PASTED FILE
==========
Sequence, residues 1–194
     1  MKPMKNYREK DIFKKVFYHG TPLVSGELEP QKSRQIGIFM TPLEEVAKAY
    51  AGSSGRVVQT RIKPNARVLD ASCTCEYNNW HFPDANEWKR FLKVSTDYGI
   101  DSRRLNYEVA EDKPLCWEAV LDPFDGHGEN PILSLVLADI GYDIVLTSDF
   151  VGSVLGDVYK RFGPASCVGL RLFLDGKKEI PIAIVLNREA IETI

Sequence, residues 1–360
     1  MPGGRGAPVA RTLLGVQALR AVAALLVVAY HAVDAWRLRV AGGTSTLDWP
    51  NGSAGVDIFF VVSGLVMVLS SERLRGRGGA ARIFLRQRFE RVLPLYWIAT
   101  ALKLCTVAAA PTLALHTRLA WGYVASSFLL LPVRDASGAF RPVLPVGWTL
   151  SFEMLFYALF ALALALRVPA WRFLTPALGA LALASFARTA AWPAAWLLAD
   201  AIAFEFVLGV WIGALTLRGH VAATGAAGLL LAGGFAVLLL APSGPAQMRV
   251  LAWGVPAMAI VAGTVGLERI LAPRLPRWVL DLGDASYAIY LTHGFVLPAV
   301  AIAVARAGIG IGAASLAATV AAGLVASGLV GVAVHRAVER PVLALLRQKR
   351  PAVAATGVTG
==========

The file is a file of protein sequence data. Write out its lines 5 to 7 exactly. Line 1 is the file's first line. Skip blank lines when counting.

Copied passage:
   151  VGSVLGDVYK RFGPASCVGL RLFLDGKKEI PIAIVLNREA IETI

Sequence, residues 1–360
     1  MPGGRGAPVA RTLLGVQALR AVAALLVVAY HAVDAWRLRV AGGTSTLDWP